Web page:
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Critically Endangered



The Kouprey is a species of wild cattle and one of the world’s most endangered mammals. This “forest ox” is basically extinct although it is the national animal of Cambodia.  There is an estimated small population of less than 50 mature individuals in Cambodia.


The Kouprey is very big and the height at shoulder measures in from 1,7m to 1,9m and their head and body length is anything between 2,1m to 2,2m.  Their tails are about 100cm.


The male is bigger than the female.  The Kouprey weighs on average anything between 600 – 900kg.  The lifespan of the Kouprey is believed to be on average 20 years.




The species was found in southern Laos, southeast Thailand, western Vietnam and Cambodia.  Sightings have not been confirmed and it is believed the last Kouprey might only be found in Cambodia.  The Kouprey has not been observed since 1988.  The occasional finding of tracks and skulls for sale in local markets indicates that a very small population still persists.  There are no Koupreys in captivity.


Young Kouprey bulls are grey, old bulls are entirely black and females are mouse grey or light brown.  The young are reddish in colour and they have lighter coloured legs.  The males have a dewlap, this is a skin fold that hangs from the neck.  The male’s horns are about 80cm in length, it splits and fray from about three years old and the horns are wide and arch forward and upward.  The male Kouprey dig into the ground and thrust into tree stumps, this cause the fraying of the horn tips, but despite this their horns continue to grow. The female’s horns are about 40cm and they spiral upwards.  The Kouprey have tall, narrow bodies, with long legs and humped backs.

Quick Facts

Find Out More About the Kouprey

The Kouprey mate in the spring and give birth in the winter.  The gestation period is 8 to 9 months and the female will leave the herd to give birth.  She will return after a month with one offspring.  The female will provide care by producing milk, grooming the offspring and protecting it from danger.  The female leads the herd.  The herd of female and offspring average about 20 per herd, the bulls join in the dry season.  The Kouprey is very alert and they run as gracefully as a deer.  They move at a light trot as fast as 32kph.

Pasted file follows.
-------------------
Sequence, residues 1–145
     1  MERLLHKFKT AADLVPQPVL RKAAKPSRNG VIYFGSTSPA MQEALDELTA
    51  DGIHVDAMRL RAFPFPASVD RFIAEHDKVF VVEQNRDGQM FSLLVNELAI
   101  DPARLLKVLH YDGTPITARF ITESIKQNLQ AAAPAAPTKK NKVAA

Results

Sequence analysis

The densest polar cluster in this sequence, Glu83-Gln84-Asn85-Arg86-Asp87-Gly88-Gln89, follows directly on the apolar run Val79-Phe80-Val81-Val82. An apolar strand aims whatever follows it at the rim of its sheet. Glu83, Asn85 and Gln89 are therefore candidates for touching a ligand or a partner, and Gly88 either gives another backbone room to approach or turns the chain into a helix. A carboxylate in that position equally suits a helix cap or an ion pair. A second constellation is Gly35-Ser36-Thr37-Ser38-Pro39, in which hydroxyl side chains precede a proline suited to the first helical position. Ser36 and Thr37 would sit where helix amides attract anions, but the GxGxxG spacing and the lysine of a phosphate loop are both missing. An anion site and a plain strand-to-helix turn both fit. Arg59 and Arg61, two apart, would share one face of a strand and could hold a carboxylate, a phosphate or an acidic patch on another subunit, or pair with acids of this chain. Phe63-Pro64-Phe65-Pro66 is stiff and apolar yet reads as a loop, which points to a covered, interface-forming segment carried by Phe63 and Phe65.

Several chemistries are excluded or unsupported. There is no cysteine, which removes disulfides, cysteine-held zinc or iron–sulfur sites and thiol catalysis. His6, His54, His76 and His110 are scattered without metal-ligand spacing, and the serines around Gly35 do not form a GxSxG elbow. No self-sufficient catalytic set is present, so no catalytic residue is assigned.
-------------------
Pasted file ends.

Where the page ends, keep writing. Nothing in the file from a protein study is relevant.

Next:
The Kouprey is herbivores and they eat mainly grasses.  They also frequent salt licks and water holes.

The Kouprey are found in open forests and savannas near thick monsoon forests.  This kind of habitat is formed by natural forest disturbances and slash-and-burn agriculture. The Kouprey have adapted to a nocturnal lifestyle.  They retreat during the daytime into the forests and graze in the fields at night.  They can roam up to 15 km at night while grazing.

Humans are the only known predator for the Kouprey.  Wars contributed to the decline of the Kouprey population.  Logging and agricultural development is a big threat to their habitat.  Hunting for subsistence, medicine and for trade is however the biggest threat.  Their skulls and horns are offered for sale at very high prices in local markets.

Conservation Efforts

The IUCN Red list considers the Kouprey as critically endangered, possibly extinct due to the surge in markets for bush meat and trophies.  WWF has various conservation efforts in place to preserve the species and their habitat and to curb the illegal wildlife trade.  Extensive research, if a viable Kouprey herd can be found, is needed to fully understand the Kouprey and their genetics to create a sustainable long term conservation plan.

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